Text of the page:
Because of our recent interstellar visitor, C/2020 F3 NEOWISE, I decided to adventure west to darker skies in search of optimal viewing and photographic opportunities. A close friend’s parents had just built a new home and moved to Salt Lake City, so I cashed in on their open invitation, and use of their Jeep (lucky me, right?).
For comet purposes, I chose Grand Staircase-Escalante National Monument, which is about a 4-4.5 hour drive south of SLC. If you’ve ever been there or look at it on a map, the term “grand” in an understatement. I believe it encompasses over 1 million acres. The first night I chose a location called Devil’s Garden, which is about a 30-minute drive from the town of Escalante where I stayed. The bulk of that drive is on a gravel BLM road, which I associate with a DARK sky! It’s an awesome location with sandstone hoodoos, unique landscapes, and grand vistas to the west. Upon arrival there were lingering thunderstorms, and thick clouds that provided the best sunset colors I’ve seen in recent times, but then also caused me grief until 23:30 when they decided to open up and reveal the comet. I can say I was totally awestruck when I finally did see it.
Since it was late, and the sky was pretty dark in an exceptionally dark location, I struggled with settings at first. I initially tried for a telephoto shot, but I don’t have one that goes lower than f/4.5 so that plan was quickly scratched. Next, I went to my 50mm prime, which I don’t think I’ve ever shot at night prior to this. This also turned into an experiment. I initially went for ISO 6400, f/2 for 10 sec and the histogram showed major clipping in the shadows. I stood there scratching my head thinking how are these guys in NYC shooting for 2-6 sec at f/5.6. Ah, yes, light pollution. I was also shooting on my shiny, brand-new, week-old Nikon D850 and decided why not push the limits and see what “she’s” made of. So I went to ISO 10,000 at f/1.8. Still shadow clipping at 10 sec. So I dropped it in 5th at ISO 12,800, f/1.8 for 10 sec with the intent to stack a few images to eliminate the noise. Believe it or not, there was still clipping at those settings. The final result is a stack of 4 light frames, no darks, stacked in Starry Landscape Stacker (comet-airglow image). You can see there is a beautiful (in my opinion) green hue of air glow accompanying the comet, which I was thrilled about. To round out my lens marathon I also tried out my 14-24 f/2.8 at 24mm, but I still prefer the results of the 50mm.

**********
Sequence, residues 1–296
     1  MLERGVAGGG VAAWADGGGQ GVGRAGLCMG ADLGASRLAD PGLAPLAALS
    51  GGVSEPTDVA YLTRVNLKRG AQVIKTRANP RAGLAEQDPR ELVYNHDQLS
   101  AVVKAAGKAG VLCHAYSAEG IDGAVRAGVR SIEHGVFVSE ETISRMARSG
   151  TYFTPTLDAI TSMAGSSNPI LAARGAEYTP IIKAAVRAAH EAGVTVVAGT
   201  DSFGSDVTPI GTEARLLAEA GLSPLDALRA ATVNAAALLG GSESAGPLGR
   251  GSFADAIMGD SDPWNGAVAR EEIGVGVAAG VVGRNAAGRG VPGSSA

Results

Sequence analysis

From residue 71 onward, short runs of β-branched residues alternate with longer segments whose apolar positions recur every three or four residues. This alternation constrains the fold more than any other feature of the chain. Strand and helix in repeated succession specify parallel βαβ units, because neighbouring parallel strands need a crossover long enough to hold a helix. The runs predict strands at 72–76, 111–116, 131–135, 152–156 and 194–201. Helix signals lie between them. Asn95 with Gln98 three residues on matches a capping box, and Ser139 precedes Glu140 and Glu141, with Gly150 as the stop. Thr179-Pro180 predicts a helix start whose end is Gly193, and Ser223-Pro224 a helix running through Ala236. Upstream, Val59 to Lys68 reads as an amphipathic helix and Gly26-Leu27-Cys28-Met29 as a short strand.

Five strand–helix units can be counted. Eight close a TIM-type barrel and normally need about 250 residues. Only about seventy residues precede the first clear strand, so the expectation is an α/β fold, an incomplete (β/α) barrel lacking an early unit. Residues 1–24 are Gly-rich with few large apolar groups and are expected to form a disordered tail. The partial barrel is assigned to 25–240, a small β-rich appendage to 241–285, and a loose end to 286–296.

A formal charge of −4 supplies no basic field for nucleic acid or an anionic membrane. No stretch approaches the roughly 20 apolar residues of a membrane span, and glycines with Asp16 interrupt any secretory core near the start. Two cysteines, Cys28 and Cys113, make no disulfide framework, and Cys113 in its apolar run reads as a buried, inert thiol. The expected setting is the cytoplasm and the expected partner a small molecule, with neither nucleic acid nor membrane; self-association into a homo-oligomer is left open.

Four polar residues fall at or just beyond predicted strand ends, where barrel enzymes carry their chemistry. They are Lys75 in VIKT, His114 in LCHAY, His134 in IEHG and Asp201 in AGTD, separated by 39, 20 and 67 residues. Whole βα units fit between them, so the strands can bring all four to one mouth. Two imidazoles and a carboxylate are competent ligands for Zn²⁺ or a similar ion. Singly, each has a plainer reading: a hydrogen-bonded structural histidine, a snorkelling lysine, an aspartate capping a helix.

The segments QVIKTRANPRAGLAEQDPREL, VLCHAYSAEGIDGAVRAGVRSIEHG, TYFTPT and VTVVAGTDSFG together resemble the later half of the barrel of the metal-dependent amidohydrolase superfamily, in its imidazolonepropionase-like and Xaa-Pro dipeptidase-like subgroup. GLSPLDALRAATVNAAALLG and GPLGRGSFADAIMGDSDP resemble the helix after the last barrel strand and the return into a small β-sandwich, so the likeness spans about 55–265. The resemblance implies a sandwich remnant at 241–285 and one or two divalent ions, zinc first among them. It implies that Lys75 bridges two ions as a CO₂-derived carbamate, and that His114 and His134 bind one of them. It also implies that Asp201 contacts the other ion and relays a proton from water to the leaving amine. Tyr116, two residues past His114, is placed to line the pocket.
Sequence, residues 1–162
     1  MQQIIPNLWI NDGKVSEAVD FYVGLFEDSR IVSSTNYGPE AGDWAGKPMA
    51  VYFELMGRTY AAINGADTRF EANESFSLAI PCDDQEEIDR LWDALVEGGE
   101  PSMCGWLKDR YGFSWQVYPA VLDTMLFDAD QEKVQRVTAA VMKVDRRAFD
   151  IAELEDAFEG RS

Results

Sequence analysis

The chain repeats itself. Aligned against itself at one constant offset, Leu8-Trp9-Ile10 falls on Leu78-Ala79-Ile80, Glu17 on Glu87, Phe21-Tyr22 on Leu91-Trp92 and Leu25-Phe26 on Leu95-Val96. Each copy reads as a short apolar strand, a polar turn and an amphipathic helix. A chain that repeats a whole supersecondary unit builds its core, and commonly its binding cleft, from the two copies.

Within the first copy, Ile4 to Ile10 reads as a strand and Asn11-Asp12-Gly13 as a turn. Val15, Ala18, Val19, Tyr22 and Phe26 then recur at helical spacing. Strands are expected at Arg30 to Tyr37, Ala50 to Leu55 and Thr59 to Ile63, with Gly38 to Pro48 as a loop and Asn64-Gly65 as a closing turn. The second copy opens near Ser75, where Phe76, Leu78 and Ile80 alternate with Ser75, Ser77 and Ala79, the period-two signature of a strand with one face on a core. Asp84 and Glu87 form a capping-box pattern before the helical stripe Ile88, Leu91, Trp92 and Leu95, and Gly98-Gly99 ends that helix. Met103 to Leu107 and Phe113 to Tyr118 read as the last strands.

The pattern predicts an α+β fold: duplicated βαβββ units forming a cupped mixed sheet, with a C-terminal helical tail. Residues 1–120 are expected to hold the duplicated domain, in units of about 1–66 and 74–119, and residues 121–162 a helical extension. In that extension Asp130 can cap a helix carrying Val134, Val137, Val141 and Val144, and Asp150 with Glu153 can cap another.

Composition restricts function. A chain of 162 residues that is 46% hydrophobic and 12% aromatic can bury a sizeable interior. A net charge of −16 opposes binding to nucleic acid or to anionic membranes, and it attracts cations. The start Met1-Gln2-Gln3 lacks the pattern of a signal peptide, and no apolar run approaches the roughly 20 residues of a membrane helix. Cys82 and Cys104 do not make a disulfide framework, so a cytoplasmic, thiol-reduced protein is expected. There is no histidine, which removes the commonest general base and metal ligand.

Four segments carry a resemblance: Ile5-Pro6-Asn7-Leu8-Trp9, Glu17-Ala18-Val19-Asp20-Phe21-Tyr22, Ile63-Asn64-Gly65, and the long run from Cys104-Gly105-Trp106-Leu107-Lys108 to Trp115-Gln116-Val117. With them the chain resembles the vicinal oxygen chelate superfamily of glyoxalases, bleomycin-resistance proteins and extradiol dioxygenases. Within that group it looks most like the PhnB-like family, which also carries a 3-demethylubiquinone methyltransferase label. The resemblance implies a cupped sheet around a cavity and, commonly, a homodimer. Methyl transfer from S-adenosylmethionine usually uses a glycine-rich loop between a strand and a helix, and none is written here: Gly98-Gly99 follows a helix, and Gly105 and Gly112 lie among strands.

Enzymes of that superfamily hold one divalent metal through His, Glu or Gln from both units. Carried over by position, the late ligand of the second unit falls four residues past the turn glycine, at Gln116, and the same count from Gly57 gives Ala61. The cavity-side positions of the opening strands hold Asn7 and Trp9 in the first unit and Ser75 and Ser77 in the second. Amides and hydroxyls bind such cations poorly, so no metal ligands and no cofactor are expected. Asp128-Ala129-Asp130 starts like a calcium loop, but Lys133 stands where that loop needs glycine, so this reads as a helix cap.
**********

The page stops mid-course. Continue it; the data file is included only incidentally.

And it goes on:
This brings me to another little tidbit I unintentionally learned while setting up my playback options in the new camera, and figured I’d share just in case. I somehow (don’t ask because I have no clue) set my picture control to monochrome. So all the images I shot on the first night showed up on the display as B&W. I had somewhat of a panic attack, but had no cell service to try to Google a solution, and at the very least I’d have a monochrome image of the best thing that’s happened in 2020. I will spare you the details, but I found a few articles via Google that stated even in this setting Nikon cameras will record only B&W images in the JPEG format, and that the NEFs will still record in color. You can bet the first thing I did upon returning to my apartment at 1:00am Monday morning was put the card in my computer. Luckily the articles proved true and I was able to sleep again.
For night number two my original plan was to head even farther south to a place called Dancehall Rock and Sunset Arch. However, I turned a 6-mile hike to Lower Calf Creek Falls earlier in the day into an 8-mile hike when I took my drone out on a trail, and left my brand new D850 sitting on a nearby rock and didn’t realize until I was almost at the end of the hike. Yes. I really did do that. Thankfully I found her right where I left her. Dancehall also requires a 1.5 hour drive on the same BLM road, which I just wasn’t up for upon returning at 2 to 3:00am. So, I actually just went back to the coffeehouse that I got breakfast at, called Kiva Coffeehouse. Not only do they have great espresso, but it has easy access from the paved road and is situated in such a way that has perfect NW views with beautiful sandstone cliffs. And despite a sign in the parking lot stating no overnight parking, I can verify they leave the gates open and have tables and chairs set up next to the NW facing views.
I arrived around 21:50 and NEOWISE was already blazing in all her glory. So I got the telephoto shot I wanted at 70mm, and as soon I changed to my 50mm, the only thin band of clouds in the entire sky decided to blanket the comet tails until she set, sadly.
Though I was hoping to get more quality photos out of the trip, I’m ecstatic I was able to photograph what I did, and even moreso that I got to witness my first comet in such pristine skies. Here’s to hoping we don’t have to wait another quarter of a century for the opportunity to present itself again.
Maggie Machinsky is a member of the Astrophotography group. You can see her photos on Instagram @photo.gypsea